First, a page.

We referenced a landmine that potentially exists for select New Jersey divorcing parties in our immediately preceding blog post. We noted in our September 11 entry that material and unanticipated problems can arise for soon-to-be exes who “fail to properly distinguish among different forms of income during the dissolution process.”
Income is, well, income.
Reflectively. Patiently. As dispassionately as possible.
It’s insurance, after all.
It’s kind of like the central software program or operating system that drives the New Jersey divorce computer for impending exes who have children.
Although many divorces in New Jersey and elsewhere focus on similar issues and challenges, some obvious differences arise in decouplings featuring high wealth levels.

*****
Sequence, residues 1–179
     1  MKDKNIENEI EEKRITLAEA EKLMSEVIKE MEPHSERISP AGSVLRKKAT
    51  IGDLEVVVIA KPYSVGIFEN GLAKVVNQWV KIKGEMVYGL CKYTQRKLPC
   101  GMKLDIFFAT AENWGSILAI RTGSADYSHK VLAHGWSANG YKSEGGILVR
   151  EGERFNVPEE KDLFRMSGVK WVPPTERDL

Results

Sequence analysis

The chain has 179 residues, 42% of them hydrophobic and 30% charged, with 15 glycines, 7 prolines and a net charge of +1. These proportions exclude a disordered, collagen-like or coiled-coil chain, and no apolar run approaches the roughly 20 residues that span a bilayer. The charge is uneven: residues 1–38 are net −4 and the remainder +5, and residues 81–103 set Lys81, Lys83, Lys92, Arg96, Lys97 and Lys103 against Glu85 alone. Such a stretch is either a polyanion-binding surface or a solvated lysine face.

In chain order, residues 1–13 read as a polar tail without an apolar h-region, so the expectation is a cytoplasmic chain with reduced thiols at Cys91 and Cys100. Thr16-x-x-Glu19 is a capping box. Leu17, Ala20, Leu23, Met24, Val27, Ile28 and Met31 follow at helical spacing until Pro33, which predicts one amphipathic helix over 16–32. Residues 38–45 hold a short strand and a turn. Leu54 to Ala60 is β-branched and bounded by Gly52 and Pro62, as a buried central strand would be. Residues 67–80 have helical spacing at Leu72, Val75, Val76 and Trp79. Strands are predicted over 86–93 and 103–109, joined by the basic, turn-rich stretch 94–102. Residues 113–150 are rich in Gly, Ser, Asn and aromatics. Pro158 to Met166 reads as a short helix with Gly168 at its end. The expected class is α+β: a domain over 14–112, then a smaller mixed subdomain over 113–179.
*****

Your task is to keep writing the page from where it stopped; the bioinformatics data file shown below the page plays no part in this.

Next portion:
Some self-doubting fathers in New Jersey and elsewhere find out that they’re exceptional dads – after divorce.
Here’s a tale from a family law perspective that has a simply “wow” component about it. Moreover, it’s broadly instructive nationally, including in the equitable property state of New Jersey.
Child-centric issues often rise to the top of any list addressing divorce concerns, and understandably so. Children are precious cargo, and it is a flatly sensible imperative that their best interests be fully promoted in family law matters.
A family law commentator in a recent Forbes article notes that many women “opt out to support the careers of their husbands and to engage in the intensive mothering that is expected of them.”